You may have heard that Haruki Murakami has a new book on shelves. Woody Brown reviewed it for The Millions last week. Over at Electric Lit, Lincoln Michel invites us to play Murakami Bingo, created by Grant Snider, once again. It might also be a good time to read Ben Dooley on 1Q84.
Slate books and culture columnist Laura Miller looks at what this year's bestseller list tells us about 2017. One of her conclusions, "2017 was the year that the very concept of a best-seller became even more dubious." After reading her analysis, check out our Year in Reading lists, whose authors found joy in reading and viewed it as one of the few good things of this year, even if the bestsellers of the year didn't reflect those feelings.
Starting this year, Kirkus Reviews will award the impressive sum of $50,000 each to three winners of their new Kirkus Prize, which recognizes works of fiction, nonfiction and children’s literature. This morning, they announced their first-ever batch of finalists, a long list including a few names who should be familiar to Millions readers: Elizabeth Kolbert (for The Sixth Extinction, which we published an essay about); Year in Reading alum Sarah Waters (for The Paying Guests); Thomas Piketty (for Capital in the 21st Century); New Yorker cartoonist Roz Chast (for her memoir); and Siri Hustvedt (for The Blazing World, which we reviewed). Their judges will announce the winners on October 23rd.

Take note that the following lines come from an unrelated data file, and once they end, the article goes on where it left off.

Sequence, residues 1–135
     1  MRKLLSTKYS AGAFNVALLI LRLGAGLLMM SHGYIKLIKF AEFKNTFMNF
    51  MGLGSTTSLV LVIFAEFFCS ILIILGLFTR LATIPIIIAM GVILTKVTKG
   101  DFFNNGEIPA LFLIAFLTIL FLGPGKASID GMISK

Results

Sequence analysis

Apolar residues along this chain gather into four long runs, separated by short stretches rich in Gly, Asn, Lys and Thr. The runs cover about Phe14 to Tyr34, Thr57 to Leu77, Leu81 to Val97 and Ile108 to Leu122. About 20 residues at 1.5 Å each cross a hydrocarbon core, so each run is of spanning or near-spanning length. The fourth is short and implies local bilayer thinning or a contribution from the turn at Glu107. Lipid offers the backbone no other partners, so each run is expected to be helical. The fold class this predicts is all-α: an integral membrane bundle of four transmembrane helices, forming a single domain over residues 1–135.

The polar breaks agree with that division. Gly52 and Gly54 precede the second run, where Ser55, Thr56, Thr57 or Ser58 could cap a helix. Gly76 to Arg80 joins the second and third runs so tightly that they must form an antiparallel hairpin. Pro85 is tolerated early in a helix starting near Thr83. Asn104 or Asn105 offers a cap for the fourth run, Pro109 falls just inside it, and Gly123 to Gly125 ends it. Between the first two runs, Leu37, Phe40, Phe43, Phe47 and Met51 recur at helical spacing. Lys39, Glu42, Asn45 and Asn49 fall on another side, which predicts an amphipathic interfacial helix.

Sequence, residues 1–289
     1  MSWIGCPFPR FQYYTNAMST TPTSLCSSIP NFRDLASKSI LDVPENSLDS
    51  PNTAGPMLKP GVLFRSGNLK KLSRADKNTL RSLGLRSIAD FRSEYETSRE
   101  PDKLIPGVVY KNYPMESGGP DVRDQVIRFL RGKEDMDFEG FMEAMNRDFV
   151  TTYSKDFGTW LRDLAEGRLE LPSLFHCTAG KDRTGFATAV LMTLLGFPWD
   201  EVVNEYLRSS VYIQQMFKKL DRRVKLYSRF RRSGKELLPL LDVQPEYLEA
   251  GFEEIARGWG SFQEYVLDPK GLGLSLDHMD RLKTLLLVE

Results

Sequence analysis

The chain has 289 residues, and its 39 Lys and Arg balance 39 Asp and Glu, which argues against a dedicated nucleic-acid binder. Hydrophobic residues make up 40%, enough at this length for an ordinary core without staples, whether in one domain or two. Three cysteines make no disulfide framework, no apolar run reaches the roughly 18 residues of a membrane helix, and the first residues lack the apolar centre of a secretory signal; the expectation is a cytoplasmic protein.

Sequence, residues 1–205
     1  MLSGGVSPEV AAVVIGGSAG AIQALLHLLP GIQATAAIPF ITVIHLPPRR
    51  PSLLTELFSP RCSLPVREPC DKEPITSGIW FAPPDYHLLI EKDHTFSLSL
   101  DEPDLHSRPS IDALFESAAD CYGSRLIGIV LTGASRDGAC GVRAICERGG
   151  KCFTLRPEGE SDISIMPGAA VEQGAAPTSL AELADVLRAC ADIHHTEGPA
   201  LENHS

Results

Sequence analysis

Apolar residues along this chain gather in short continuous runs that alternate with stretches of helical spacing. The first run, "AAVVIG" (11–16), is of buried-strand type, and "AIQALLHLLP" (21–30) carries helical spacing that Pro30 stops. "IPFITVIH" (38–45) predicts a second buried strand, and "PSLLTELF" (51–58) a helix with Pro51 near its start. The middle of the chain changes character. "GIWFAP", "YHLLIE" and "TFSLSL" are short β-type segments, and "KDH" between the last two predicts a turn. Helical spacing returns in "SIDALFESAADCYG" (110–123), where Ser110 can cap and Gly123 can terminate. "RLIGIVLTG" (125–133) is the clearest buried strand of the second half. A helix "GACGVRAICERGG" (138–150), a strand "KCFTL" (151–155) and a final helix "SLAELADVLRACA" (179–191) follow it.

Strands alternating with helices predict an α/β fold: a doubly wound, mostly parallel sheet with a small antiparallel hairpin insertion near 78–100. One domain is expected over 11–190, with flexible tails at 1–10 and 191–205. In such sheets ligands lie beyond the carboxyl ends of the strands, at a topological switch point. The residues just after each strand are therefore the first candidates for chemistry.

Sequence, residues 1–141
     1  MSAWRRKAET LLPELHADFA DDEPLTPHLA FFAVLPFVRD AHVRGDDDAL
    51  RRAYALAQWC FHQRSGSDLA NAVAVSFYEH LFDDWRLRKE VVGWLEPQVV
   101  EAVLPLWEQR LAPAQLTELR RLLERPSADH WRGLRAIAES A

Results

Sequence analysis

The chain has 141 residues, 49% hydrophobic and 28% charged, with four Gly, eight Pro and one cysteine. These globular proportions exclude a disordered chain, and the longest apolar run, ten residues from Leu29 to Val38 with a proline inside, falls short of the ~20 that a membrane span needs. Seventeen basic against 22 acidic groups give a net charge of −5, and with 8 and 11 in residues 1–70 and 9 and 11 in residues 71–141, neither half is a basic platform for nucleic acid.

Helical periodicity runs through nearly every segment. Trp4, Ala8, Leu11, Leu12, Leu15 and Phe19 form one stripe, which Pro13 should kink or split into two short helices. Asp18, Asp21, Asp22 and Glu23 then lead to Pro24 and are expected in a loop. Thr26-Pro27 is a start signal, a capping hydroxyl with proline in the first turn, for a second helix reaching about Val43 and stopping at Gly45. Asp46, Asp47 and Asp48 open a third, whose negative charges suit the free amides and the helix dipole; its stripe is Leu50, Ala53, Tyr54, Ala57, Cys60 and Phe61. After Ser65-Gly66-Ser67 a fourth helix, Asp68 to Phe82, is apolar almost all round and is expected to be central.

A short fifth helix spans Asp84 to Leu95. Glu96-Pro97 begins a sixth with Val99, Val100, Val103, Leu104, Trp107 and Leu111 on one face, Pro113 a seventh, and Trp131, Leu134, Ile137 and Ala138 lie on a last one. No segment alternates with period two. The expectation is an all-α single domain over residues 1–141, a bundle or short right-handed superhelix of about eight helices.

“I should probably write a few words about 2015, but the year is stale now, rung out like a damp dish rag and left to dry in the cold, dour winds of some rundown burg blasted off the map by poverty and overcast. 2015 has been recorded, logged, and filed away as History, and as an American, I abide by my country’s allergy to revisiting History.” Catapult’s Mensah Demary on the tradition of New Year’s resolutions.
Recommended Reading: Nathaniel Rich discusses Stephen Wright’s Meditations in Green, which he says is remarkable because “it convinces you that the war never ended.” Indeed, Rich writes, the author’s debut novel “suggests that Vietnam at some point transcended the Indochina peninsula and became a mental condition, a state of being not unlike certain forms of insanity, that has become encrypted in our genetic code.”
Out this week: Everything Love Is by Claire King; They Are Trying to Break Your Heart by David Savill; The Moravian Night by Peter Handke; All Joe Knight by Kevin Morris; Of All That Ends by Günter Grass; and A Woman Looking at Men Looking at Women by Siri Hustvedt. For more on these and other new titles, go read our latest fiction and nonfiction book previews.
“Vivian Lee is the kind of editor you want on your team: a writer at heart who understands the sometimes painful creative process, a fierce advocate when it comes to supporting her authors, and always at the ready with a hilarious tweet up her sleeve.” Check out an interview with Lee at The Rumpus. You could also read a piece in which a few editors share their experiences with their first acquisitions.